ANY TIME from late February through to May is blossom time for fruit trees. With the earliest trees, such as almonds, peaches and apricots, hand pollination is often recommended to ensure fruit set, and the traditional tool is a rabbit tail on a stick.

We gardeners pray and hope for a good “set”. We then wait anxiously through the late-spring frost season, worrying particularly about those plants that have but recently finished flowering, even screening those things that we can on still, clear evenings.

How vividly I remember the second year of “fruiting” with my first apricot fan. The year before it set just seven fruits, and only three ripened to give us a foretaste of what we hoped was to come. This time the set was wonderful, with dozens of thumbnail-sized fruitlets. When a serious frost threatened, I dropped the screen, but by the end of the following day all but two or three little fruits had turned black. Fortunately, the year after brought a bumper crop.

Having gone through this frost worry, we watch nature take its course, hoping that the next time of loss is not too serious. This is the natural thinning of crop that is known in my home area of Kent as the “June drop”. If you have a good set, the chances are that too many fruits will survive, except perhaps with young trees.

Several of our favourite varieties are prone to keeping too many, and this can bring double trouble. Firstly, this year is dominated by small and often poorly flavoured fruits, and secondly, next year may bring little if any crop. Varieties particularly prone to this biennial bearing include Victoria plum and apples such as Blenheim Orange, Bramley, Cox, Newton Wonder and Laxton’s Superb.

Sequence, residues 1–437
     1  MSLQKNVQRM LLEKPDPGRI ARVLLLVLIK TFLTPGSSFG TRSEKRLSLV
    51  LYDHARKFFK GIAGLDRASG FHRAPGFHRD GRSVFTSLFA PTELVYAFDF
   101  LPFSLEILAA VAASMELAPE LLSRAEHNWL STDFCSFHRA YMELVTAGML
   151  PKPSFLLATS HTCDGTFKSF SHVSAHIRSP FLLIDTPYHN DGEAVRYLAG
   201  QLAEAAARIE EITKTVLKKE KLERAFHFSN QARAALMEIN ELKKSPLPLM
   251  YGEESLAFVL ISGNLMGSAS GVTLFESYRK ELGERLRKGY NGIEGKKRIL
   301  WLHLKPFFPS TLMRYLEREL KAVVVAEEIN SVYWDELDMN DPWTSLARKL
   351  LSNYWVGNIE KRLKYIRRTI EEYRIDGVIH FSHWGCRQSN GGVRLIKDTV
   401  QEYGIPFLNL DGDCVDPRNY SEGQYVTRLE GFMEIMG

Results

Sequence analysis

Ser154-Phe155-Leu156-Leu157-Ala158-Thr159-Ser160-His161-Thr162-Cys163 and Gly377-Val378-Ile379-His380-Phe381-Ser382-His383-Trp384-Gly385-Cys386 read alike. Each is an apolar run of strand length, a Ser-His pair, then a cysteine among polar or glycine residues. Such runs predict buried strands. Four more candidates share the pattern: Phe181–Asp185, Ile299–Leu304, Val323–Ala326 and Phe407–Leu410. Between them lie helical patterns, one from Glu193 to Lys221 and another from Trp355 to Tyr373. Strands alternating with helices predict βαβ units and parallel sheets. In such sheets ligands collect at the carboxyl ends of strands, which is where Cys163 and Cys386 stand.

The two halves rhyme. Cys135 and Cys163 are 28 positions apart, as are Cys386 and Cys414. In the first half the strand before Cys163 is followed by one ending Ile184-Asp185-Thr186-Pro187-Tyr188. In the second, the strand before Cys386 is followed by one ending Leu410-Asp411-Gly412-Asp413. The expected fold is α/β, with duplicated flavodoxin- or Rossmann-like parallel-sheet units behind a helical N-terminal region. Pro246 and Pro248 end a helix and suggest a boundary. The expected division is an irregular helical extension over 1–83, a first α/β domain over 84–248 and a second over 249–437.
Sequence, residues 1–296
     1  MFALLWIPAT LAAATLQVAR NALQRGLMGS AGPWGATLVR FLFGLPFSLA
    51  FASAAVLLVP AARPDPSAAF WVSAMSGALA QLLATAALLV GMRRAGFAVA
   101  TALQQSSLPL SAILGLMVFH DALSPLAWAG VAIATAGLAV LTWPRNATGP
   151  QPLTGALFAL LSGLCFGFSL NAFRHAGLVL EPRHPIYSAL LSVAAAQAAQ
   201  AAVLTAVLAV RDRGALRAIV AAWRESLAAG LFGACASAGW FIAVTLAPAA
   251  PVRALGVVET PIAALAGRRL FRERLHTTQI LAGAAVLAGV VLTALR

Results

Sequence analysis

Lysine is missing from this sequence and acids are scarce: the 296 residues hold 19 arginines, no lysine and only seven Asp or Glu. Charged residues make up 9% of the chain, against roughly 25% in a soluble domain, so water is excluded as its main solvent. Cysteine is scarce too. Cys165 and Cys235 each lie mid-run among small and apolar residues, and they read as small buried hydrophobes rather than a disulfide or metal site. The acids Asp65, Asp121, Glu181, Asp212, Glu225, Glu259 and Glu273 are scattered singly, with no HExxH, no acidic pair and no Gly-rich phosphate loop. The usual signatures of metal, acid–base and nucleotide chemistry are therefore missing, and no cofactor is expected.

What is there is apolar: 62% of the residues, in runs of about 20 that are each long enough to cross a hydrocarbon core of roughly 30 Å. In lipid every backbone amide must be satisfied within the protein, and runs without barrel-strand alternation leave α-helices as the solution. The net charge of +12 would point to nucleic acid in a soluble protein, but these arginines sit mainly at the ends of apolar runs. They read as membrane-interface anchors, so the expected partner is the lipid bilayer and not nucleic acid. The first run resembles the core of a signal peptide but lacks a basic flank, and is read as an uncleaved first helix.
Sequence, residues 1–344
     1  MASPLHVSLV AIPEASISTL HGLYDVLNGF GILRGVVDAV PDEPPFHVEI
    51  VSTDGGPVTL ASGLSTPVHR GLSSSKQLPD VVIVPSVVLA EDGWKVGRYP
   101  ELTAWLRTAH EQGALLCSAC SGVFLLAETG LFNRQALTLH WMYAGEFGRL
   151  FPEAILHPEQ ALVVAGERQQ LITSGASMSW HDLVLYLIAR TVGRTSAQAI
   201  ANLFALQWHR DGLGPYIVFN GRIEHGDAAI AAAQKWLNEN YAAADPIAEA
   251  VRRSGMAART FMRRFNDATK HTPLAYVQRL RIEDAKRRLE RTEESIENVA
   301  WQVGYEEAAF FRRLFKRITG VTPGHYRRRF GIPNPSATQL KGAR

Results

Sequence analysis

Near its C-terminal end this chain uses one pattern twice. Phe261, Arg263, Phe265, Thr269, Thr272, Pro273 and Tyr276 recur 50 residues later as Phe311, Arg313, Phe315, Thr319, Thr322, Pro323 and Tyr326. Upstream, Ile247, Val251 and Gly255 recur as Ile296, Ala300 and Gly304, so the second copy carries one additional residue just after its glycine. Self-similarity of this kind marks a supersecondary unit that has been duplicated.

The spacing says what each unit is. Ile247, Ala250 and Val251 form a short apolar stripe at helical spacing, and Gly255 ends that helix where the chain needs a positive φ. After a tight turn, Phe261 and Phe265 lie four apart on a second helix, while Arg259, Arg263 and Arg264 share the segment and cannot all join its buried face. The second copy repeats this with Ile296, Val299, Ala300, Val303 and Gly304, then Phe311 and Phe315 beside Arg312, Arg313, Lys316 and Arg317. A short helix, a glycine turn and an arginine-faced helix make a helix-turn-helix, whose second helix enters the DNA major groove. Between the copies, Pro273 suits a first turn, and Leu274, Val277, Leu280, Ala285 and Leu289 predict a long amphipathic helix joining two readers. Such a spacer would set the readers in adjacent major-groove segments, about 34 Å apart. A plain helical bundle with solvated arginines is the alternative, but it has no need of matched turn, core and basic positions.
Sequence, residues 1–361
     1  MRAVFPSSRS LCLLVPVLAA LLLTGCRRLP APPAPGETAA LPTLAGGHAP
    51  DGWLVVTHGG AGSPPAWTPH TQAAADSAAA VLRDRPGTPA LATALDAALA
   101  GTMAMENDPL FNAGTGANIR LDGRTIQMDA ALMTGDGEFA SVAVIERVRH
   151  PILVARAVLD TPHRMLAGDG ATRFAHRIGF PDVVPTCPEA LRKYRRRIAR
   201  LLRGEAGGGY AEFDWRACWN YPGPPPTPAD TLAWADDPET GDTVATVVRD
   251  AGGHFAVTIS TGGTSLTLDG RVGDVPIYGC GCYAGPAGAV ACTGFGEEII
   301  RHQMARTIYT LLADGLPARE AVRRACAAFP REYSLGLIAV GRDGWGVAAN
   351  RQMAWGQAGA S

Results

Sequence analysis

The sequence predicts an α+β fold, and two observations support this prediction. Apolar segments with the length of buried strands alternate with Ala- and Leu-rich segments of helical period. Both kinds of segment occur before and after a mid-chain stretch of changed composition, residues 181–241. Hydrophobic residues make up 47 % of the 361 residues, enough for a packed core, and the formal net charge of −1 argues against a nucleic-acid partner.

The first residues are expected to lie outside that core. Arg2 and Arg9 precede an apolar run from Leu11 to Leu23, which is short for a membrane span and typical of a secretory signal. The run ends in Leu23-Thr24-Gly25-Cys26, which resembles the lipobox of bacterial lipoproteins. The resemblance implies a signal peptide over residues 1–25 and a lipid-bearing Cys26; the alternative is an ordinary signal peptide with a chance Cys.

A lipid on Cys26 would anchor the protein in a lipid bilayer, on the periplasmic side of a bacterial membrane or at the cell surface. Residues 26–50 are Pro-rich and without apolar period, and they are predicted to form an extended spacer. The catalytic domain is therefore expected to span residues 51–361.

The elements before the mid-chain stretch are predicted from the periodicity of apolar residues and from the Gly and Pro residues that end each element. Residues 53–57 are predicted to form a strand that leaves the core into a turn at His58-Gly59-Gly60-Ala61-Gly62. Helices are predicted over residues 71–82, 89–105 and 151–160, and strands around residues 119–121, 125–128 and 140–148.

Over the past few years I have become more and more ruthless in thinning my apples; the picture shows a Cox tree which had three-quarters of its fruit removed. So often, even after nature’s thinning, you find three or even four fruits in a single truss.

I have come to the conclusion that it rarely pays to leave more than one. For apples, the time to do this is usually towards the end of June, although the middle of the month is not too soon for earlies. I work on the principle that by the time the fruitlets are the size of cherries, they are likely to stay unless I intervene.

For plums, which flower earlier, thinning time comes around the start of the month, while the likes of peach and apricot are ready to attack in late May. Even if you overdo it, what is left will be of the best quality and flavour.

Mike Swan is head of education at The Game Conservancy Trust.